My test copy
See that asterisk in the document? In the test copy, I’d separate each test scene with a space and put an * in front of it, to help me know where each new version of the scene started. That scene there didn’t make it into the second draft actually.
Then, once I finally figured out which version of the scenes I wanted in the test copy, I typed it all out and perfected it in the second draft Google Docs manuscript.
I didn’t use the test copy document much, but the few times I did it was so helpful. With that document, I had my story all together and could just destroy it and play with it all I wanted without fear of ruining my pretty second draft copy. It was fun having a copy of Burning Thorns to just twiddle with.
Read through and send off
Once I had a chapter all retyped in the Google Docs, I went back and read through it (usually twice) to get those last many typos (so maany! *collapses*) and tweaks fixed. A lot of typos crop up when you’re retyping an entire story turns out. At least for me. #TheTypoQueen
THEN I’d copy the finished chapter and paste it into another shared Google Doc for my beta-readers. Google Docs is an AWESOME way to share documents and make notes on with groups, turns out. You can share the link of the doc with whoever you like, which then allows them to open the doc and put notes allll over it. It’s a blast! So once I sent out the new chapter, my amazing beta team would find all the many, many typos I missed and give me the best suggestions and make me squeal uncontrollably with their fangirling. It was so much fun!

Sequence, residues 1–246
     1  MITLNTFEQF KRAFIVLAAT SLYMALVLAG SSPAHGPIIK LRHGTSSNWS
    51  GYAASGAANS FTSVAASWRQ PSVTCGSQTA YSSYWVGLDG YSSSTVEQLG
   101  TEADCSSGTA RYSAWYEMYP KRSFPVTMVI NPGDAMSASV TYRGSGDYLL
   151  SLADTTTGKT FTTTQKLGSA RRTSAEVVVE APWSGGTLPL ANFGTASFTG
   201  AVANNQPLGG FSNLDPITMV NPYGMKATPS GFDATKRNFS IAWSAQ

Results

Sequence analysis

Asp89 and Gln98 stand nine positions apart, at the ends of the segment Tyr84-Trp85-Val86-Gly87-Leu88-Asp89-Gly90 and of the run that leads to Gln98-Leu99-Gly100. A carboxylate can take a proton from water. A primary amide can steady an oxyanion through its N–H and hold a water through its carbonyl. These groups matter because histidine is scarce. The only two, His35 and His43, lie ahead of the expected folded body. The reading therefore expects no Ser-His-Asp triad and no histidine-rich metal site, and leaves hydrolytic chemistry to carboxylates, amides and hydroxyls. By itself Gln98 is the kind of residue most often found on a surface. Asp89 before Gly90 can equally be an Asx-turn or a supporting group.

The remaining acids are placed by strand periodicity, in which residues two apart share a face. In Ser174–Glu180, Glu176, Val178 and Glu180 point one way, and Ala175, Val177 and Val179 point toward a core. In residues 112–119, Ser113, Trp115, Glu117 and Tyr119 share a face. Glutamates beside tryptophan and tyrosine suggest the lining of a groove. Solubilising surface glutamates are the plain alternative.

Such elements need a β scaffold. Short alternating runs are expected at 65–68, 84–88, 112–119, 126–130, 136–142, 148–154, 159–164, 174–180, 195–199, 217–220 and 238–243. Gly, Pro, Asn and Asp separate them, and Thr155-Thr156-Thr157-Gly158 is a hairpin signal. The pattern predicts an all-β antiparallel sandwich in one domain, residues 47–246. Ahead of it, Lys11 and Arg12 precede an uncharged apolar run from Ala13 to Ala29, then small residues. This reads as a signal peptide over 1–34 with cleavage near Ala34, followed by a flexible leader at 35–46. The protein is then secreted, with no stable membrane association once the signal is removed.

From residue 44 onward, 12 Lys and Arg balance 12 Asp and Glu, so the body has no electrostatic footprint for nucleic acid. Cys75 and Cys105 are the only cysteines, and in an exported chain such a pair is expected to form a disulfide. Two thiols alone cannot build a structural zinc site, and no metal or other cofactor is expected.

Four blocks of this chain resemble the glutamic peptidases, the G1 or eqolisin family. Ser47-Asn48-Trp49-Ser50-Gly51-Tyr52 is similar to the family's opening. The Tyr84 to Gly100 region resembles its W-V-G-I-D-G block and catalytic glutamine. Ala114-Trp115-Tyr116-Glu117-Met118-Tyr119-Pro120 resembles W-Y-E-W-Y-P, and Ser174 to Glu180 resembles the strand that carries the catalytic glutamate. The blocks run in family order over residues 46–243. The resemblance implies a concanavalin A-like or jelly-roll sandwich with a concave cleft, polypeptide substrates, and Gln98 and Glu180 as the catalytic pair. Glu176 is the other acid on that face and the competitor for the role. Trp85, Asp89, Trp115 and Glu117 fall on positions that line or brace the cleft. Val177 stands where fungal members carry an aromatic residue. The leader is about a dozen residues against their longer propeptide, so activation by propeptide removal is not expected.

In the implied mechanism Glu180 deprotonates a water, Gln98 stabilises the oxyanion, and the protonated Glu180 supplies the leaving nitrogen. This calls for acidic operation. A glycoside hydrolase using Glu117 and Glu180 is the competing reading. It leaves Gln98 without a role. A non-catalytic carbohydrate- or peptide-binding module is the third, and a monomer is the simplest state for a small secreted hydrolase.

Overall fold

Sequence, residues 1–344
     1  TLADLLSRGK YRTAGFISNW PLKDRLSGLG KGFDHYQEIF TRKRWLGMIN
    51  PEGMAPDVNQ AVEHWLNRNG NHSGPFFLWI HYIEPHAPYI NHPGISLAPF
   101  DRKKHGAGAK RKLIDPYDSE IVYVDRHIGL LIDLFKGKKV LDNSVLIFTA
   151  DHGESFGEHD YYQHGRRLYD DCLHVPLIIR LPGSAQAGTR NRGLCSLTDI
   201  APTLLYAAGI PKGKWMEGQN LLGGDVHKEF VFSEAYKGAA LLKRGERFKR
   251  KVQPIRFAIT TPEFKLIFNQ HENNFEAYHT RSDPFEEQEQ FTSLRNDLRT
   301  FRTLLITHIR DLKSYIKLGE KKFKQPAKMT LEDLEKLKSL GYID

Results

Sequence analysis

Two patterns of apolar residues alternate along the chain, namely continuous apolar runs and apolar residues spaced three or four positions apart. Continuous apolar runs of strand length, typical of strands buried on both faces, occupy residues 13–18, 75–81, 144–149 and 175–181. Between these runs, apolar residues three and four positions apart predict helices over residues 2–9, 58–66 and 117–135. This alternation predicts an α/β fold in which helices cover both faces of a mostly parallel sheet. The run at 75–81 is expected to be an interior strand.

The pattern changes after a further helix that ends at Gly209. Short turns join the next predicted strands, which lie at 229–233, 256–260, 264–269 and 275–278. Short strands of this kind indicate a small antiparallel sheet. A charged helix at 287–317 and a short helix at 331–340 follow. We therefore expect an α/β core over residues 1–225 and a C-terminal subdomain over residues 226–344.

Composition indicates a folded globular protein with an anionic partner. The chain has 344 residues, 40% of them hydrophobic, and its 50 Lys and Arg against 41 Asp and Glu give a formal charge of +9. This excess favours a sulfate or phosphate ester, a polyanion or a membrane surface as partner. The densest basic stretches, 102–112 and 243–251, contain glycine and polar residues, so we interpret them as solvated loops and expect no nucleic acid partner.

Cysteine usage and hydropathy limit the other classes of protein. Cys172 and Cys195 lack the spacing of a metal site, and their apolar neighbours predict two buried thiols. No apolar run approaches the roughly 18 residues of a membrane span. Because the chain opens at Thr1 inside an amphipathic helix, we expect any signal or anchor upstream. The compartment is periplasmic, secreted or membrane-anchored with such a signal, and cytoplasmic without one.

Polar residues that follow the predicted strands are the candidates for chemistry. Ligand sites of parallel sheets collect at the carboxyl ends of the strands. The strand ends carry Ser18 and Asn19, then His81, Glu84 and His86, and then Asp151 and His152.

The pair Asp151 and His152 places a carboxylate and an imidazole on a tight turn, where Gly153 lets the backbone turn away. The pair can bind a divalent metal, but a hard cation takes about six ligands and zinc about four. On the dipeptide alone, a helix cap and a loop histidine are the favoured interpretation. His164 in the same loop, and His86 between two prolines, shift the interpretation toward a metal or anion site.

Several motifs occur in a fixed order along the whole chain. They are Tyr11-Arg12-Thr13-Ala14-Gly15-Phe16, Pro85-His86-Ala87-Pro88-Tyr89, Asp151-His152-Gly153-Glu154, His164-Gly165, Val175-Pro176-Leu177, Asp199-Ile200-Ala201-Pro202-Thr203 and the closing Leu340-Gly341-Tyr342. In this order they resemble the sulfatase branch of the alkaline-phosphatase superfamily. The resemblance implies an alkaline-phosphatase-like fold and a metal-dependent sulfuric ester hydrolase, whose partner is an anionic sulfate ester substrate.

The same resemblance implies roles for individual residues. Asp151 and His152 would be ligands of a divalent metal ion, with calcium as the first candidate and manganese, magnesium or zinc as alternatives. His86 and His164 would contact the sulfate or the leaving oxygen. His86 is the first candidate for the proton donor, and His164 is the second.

Just a little sample of the beta-reader version of the doc.
The original plan was to edit all the advice from my beta-readers as I went, but that ended up not happening. I just had to take it chapter by chapter. The second round of editing will be fixing all the problems my beta team found. I have to work in layers. This first layer was retyping and editing on my own. *nods*